The majority of US troops and their families are okay about serving alongside openly gay colleagues, according to Pentagon sources familiar with the findings of an internal survey.

According to Associated Press, sources familiar with the research say most troops and their families believe that Don’t Ask, Don’t Tell should be repealed.

A minority of troops are understood to be strongly opposed to allowing out gay servicemembers in the military and say they will quit if this happens.

The Pentagon has not commented on reports and says it will not do so until December 1st, when a review of the policy is due to be completed.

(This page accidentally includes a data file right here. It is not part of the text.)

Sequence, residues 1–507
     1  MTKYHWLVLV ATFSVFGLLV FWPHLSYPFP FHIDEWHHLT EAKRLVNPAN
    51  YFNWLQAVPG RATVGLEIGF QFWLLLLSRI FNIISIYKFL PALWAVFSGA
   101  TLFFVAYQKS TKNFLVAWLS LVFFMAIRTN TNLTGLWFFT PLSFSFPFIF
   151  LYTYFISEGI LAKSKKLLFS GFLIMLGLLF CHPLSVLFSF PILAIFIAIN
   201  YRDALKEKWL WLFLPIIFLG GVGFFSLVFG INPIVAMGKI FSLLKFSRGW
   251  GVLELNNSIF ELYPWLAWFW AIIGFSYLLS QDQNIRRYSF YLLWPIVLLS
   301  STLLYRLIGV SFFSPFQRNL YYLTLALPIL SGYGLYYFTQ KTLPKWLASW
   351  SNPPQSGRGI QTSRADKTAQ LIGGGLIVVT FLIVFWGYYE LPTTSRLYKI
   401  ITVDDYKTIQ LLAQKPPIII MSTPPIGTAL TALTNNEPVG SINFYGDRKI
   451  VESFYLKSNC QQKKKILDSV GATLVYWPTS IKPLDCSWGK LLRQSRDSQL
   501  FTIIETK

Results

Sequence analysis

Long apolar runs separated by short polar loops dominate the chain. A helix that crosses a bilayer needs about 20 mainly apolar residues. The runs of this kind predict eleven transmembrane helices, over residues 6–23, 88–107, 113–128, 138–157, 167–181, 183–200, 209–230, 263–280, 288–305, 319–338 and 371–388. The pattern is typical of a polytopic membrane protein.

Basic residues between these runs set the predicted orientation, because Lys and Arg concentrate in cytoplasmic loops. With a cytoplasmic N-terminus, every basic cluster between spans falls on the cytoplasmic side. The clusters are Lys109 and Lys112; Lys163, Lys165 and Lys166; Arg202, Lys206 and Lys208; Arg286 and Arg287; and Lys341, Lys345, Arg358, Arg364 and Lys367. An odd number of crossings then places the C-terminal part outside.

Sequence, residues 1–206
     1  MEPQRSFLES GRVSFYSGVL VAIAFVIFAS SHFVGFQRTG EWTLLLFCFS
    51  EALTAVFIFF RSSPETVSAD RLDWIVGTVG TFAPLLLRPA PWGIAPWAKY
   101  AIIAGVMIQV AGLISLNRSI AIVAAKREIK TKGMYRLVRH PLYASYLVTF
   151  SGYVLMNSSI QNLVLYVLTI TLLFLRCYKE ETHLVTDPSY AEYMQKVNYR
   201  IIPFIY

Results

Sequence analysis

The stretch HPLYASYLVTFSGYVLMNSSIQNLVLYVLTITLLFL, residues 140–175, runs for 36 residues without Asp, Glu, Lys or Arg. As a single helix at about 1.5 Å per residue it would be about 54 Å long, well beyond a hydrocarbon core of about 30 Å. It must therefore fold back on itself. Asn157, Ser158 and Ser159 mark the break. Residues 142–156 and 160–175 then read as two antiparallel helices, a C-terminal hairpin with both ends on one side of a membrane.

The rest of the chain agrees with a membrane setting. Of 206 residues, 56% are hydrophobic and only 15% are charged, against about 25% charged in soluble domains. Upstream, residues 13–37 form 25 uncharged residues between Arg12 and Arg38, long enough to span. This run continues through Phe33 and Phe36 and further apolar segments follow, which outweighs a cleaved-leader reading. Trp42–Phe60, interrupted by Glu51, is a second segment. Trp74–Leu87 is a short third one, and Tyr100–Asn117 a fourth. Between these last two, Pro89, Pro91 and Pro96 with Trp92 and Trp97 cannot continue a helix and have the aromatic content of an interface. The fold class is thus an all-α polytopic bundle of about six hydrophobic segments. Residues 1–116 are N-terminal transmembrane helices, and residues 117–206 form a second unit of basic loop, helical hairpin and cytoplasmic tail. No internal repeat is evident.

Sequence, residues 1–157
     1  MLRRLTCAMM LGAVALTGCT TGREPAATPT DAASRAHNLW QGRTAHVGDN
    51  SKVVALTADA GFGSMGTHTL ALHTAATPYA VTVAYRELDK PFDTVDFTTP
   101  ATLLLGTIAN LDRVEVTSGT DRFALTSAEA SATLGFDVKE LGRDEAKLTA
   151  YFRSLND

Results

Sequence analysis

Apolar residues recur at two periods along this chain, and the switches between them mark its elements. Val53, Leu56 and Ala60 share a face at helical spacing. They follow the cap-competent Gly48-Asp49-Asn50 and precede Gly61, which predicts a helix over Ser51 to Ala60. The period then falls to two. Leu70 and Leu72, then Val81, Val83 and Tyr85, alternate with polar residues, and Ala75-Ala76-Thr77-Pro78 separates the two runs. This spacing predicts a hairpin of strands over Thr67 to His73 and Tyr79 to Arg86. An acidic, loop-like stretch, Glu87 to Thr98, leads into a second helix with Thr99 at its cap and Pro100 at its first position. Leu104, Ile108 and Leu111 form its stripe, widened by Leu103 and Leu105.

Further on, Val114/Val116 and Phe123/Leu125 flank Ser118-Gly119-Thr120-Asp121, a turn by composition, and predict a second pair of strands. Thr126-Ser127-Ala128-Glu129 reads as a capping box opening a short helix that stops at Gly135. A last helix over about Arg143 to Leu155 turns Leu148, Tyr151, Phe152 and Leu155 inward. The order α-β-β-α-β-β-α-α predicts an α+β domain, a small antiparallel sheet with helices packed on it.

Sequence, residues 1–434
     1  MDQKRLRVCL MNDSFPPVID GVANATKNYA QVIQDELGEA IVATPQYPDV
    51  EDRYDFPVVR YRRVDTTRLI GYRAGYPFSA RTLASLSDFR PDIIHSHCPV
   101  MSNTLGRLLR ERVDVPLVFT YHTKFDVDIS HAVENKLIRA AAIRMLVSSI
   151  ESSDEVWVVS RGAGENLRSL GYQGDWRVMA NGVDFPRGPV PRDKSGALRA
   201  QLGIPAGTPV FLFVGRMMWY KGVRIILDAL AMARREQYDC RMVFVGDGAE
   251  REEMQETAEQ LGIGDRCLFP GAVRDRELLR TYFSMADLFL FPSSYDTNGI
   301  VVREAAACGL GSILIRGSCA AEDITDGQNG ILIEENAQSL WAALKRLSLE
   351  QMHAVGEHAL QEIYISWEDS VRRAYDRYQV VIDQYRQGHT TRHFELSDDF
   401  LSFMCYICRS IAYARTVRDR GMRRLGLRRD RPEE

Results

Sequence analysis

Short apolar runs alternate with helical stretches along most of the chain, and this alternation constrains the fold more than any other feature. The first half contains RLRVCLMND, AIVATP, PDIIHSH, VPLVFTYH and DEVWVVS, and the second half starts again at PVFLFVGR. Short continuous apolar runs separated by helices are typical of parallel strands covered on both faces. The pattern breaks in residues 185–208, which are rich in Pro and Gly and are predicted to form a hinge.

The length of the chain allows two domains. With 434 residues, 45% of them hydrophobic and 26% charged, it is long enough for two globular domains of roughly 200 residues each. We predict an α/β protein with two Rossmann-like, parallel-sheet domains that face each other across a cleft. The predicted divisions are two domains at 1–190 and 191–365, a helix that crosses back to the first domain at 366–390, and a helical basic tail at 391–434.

Around 400,000 troops were sent the survey in July, which asked them about sharing shower facilities with gay colleagues and how they would feel if a servicemember’s gay partner lived in families’ accommodation.

Their families were also surveyed.

The Ninth Circuit Court of Appeals is expected to rule today on whether the Pentagon can continue to enforce the ban while it considers a legal challenge against it.

The ban was lifted for just eight days earlier this month after a judge ruled it was unconstitutional. However, the government appealed and was granted a temporary stay.

President Obama met gay rights groups this week to discuss repeal. He supports lifting the ban but is seeking repeal through Congress rather than the courts.

More than 13,500 out gay troops have been sacked under the 1993 law.